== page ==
Based on this construct of the digital age, enterprises are now transforming themselves to become ‘intelligent’ by implementing digital technologies such as Artificial Intelligence (AI), Machine Learning, Internet of Things (IoT), Augmented Reality & Cloud Computing etc.
What truly differentiates an intelligent enterprise from traditional businesses is that the ‘intelligence’ they carry around their products and operations.
This capability of an enterprise helps them be more proactive and deliver a differentiating experience to their customers For example, building ‘smart’ products can enable identification and resolution of any product failures much before the actual breakdown happens, thereby, improving the experience of their consumer.
This transformation is a journey and needs careful planning and execution. The pace of the journey can change basis many internal and external factors apart from the organization’s business strategy. However, in today’s highly complex market scenario, not moving in this direction brings in risk of survival and growth.
Digital Transformation – Embarking towards the Era of Intelligence
The only constant aspect about consumer demand over the years has been its rapidly changing nature. Therefore, trying to bridge the gap between their products/service offerings and the market requirements, organizations are striving to imbibe agility into their business. Being agile refers to the flexibility of an organization to adapt to changes in industry trends, demand pattern, consumer behavior or regulatory compliance.
Investing & adopting the right technology, tools and digital platforms, organizations can leverage the data, gain insights, which empowers them to better understand & predict the market movement to stay ahead of the game. Having a robust digital foundation will not only streamline their processes but also impact their overall objectives to drive growth.
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This can additionally help them be more operationally efficient, drive innovation in their offerings and differentiate themselves with respect to their competition.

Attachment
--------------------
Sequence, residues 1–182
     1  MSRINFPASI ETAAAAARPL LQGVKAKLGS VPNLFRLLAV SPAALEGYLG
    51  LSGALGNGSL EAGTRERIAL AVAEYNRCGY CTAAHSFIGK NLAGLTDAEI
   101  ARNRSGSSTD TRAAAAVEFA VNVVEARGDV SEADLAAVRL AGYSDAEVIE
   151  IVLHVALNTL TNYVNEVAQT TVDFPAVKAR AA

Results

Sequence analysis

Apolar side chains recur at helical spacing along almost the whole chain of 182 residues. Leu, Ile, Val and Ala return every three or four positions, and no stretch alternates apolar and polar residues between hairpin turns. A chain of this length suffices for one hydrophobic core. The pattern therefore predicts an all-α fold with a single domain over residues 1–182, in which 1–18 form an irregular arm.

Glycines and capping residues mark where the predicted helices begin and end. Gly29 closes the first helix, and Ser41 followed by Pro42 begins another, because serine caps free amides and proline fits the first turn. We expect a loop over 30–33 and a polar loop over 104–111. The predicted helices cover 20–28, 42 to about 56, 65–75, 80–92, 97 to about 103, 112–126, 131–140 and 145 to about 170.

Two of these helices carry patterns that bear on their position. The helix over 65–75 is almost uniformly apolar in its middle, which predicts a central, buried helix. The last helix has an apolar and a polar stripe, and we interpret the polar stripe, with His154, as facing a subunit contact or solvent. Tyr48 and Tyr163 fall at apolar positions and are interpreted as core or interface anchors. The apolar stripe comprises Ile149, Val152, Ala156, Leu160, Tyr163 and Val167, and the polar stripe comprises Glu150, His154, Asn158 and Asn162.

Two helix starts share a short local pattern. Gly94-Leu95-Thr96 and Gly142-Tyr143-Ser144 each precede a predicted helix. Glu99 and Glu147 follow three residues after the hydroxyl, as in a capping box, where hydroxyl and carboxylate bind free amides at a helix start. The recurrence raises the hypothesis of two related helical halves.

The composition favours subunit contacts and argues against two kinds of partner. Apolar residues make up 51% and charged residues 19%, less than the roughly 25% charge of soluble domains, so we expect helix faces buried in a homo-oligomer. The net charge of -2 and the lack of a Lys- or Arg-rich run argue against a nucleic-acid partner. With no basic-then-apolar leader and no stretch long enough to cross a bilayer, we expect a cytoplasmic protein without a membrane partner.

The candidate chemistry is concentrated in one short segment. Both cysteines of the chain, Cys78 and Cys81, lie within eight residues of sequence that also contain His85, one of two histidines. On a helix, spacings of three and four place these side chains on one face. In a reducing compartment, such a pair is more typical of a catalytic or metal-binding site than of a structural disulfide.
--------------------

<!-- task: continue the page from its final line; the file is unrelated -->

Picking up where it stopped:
Traditionally, businesses could measure and assess the efficiency of any of their products through reported performance information, complaints of failure or faults, customer feedback and reviews. Today, intelligent enterprises have started embedding ‘smartness’ into their products and operational infrastructures using smart sensors.
Integrated with capabilities of digital technologies such as IoT and AI, smart, connected products can capture and share data on their current state and usage patterns in real-time. The insights so collected can be used to monitor performance and read contributing factors in case of failures.
This in turn can help in introducing innovation in product design to deliver better quality, hence instantly enhancing the business opportunity manifolds. So, their smartness makes such products much more valuable than their predecessors which is why organizations are moving towards ‘smart’ and ‘connected’ products.
Through Processes (Operations)
The benefits of smartness apply to an enterprises’ operational infrastructures as much as they do to its products. In the case of manufacturing processes for example, operational equipment infused with smart sensors can derive intelligence on product defects or mechanical faults, allowing reduced wastage, enhanced efficiency and improved equipment accuracy.
While having worked in isolation earlier, these segments facilitated highly disconnected and often incomplete knowledge on operations to enterprises. In the digital age, both these worlds are merging together to enhance the enterprise’s ability to make better decisions, target newer business opportunities & get a better insight on market demands
One of the biggest changes happening in enterprises which are moving towards intelligent operations is the convergence of OT (Operations Technology), dealing with aspects of operations and manufacturing and IT (Information Technology), concerned with customer related processes such as billing, procurement and invoicing.
This intelligence has helped organizations to not only understand their customers’ consumption patterns but also take proactive steps